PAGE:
"If I’m in a hotel room and not writing, I’m literally sitting there playing the blues. In a 1/4/5 progression, there are places you can work in those outside scales. If you want to get fancy, you can throw in harmonic or melodic minor. You change the mood of any dominant chord by using these different scales, suddenly it will sound like a dominant flat nine with an augmented fifth or whatever. You can get away with so much in that world.”
6. Use five note groupings instead of four
Mark: “I’ve really gotten into doing that Eric Johnson thing. On the solo for the title track I do this descending pentatonic pattern in fives, which I’ve never really done before. Throughout my career, I’ve mainly been a three notes-per- string, alternate picking kinda guy. I’m trying to break out of that mould, looking into the best pickers in the world to see what they’re doing.
"Guys like Yngwie who might end on an upstroke with a little pull-off that you’d never notice – pick, pick, pull-off – where you don’t really hear the slurs because of how fast it all sounds. I’ve spent a lot of time with a metronome trying to dive into that. Eric tends to stick to his favourite spots in the pentatonic scale, you start recognising his patterns and ways of introducing these little flurries. He has licks to set up his licks, which really pay off.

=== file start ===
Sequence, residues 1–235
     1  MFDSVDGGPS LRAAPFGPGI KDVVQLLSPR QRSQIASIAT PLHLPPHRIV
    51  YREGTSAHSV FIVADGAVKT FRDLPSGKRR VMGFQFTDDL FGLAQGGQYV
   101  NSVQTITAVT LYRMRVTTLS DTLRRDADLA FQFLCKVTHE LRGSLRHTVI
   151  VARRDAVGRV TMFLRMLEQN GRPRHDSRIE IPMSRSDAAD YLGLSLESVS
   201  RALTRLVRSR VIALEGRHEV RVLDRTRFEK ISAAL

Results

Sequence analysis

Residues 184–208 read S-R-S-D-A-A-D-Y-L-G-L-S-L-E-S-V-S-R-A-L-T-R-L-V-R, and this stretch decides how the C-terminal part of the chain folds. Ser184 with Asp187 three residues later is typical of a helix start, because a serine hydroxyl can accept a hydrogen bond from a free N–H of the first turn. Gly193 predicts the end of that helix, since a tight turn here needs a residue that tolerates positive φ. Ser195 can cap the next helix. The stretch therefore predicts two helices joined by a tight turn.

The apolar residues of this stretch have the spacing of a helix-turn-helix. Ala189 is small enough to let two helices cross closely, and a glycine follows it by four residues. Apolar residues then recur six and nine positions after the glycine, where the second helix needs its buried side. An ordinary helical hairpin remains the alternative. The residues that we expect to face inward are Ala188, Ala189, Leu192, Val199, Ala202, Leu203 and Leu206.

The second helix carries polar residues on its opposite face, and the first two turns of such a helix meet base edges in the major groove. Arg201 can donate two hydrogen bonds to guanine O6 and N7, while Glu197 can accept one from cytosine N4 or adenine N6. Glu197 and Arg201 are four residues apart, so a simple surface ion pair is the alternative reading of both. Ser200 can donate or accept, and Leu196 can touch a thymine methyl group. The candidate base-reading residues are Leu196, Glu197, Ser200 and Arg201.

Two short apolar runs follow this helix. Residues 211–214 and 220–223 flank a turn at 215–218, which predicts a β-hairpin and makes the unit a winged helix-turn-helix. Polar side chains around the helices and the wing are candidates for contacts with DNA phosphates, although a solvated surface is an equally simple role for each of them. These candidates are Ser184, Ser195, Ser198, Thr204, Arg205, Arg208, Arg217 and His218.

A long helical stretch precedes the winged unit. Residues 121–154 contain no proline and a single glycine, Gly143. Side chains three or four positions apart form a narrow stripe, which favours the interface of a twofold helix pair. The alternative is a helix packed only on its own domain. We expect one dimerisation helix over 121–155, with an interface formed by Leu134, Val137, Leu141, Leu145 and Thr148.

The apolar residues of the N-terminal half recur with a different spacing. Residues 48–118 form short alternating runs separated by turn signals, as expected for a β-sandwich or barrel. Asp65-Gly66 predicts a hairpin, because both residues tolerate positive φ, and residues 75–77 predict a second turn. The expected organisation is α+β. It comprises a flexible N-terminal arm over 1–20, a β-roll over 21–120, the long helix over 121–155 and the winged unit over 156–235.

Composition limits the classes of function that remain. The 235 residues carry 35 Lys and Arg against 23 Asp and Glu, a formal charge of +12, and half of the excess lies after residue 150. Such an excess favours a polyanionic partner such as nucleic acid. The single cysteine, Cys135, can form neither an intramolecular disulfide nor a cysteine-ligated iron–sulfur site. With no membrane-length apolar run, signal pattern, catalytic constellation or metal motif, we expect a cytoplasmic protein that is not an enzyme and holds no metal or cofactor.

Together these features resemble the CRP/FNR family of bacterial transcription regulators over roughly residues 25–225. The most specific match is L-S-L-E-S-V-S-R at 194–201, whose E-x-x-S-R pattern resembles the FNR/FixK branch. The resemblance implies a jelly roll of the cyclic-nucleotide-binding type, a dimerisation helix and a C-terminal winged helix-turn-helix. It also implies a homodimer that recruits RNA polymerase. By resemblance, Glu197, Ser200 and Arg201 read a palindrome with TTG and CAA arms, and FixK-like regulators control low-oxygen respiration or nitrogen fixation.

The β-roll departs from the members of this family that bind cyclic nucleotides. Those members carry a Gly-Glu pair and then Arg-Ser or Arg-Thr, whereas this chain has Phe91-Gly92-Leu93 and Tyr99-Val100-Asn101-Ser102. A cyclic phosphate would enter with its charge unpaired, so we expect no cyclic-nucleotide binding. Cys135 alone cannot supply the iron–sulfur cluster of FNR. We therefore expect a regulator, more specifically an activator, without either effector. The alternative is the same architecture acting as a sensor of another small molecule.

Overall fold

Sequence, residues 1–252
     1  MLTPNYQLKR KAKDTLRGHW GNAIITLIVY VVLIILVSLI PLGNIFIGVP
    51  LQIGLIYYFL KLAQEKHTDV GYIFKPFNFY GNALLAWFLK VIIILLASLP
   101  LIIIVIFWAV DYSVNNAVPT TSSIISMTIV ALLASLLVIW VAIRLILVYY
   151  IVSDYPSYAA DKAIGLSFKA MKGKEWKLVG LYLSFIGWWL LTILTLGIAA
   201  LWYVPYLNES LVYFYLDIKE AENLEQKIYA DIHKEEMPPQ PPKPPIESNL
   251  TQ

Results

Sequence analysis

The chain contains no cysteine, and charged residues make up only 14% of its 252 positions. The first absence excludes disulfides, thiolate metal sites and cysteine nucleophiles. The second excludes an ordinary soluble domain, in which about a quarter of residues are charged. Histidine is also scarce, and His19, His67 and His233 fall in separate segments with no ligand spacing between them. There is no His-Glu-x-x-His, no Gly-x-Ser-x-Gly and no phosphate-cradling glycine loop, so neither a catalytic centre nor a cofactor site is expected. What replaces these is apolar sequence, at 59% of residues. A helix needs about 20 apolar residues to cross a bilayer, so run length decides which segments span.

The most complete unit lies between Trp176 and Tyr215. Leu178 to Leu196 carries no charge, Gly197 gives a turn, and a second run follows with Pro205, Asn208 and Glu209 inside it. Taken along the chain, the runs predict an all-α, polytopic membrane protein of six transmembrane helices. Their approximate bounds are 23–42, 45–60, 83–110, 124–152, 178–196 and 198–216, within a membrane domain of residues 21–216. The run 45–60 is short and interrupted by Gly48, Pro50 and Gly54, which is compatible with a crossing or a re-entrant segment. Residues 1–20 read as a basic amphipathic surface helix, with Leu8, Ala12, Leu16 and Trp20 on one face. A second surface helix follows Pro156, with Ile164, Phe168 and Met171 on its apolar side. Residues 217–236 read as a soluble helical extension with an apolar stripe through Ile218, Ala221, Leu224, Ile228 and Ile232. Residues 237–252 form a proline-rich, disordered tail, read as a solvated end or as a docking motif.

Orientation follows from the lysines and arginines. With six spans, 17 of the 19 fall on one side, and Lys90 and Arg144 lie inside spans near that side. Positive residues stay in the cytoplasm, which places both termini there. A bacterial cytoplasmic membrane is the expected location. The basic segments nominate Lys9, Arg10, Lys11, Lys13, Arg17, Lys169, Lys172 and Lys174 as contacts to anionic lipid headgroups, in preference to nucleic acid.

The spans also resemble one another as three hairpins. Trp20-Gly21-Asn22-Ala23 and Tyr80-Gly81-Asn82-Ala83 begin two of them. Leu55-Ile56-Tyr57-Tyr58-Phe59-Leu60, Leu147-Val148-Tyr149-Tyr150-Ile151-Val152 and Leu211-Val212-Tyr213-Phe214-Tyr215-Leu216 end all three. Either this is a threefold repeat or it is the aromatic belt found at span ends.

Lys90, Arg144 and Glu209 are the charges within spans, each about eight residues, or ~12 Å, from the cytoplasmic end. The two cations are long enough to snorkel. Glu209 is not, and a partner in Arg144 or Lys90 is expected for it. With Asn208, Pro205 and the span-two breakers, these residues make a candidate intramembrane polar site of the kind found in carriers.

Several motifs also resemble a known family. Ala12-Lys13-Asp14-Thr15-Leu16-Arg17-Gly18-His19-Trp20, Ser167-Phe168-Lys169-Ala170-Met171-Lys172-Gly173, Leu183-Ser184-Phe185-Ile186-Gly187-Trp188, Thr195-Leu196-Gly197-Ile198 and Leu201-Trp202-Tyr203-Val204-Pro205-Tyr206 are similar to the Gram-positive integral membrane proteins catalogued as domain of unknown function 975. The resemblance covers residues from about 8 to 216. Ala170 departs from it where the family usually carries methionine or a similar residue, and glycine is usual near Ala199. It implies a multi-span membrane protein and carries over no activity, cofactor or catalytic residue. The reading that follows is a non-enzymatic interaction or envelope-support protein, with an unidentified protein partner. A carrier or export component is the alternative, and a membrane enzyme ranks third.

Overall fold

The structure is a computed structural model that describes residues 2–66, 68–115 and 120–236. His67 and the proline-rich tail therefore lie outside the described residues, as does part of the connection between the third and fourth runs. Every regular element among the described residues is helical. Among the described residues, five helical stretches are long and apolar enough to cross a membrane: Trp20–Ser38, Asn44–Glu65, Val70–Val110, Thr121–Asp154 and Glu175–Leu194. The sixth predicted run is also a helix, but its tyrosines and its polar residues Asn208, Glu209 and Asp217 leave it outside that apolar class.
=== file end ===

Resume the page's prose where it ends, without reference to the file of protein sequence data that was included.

"So I’ve sat down, ascending and descending through the most gruesome shapes just to see if there are any dark little tunnels back here that might be usable in improvisation. I always try to remember the ending spots if I need my parachute to get out of something when I feel like it’s falling apart!
"This style of picking feels like I’m starting over when I first sit down, but an hour in it feels great. Hopefully a couple of years down the road, that will change... just like any technique. I felt the same about fast legato and now I can do it comfortably whenever I want.”
7. Don't fear the bass frequencies
Mark: “In The Deep and Indoctrination are the two lowest tuned songs on the album. I guess Come To Life was our lowest tuning prior to this.”
Myles: “After finding that In The Deep loop I mentioned, the problem came when I got to the chorus. That’s when I decided to mimic the kind of gallop thing that Mark usually does...”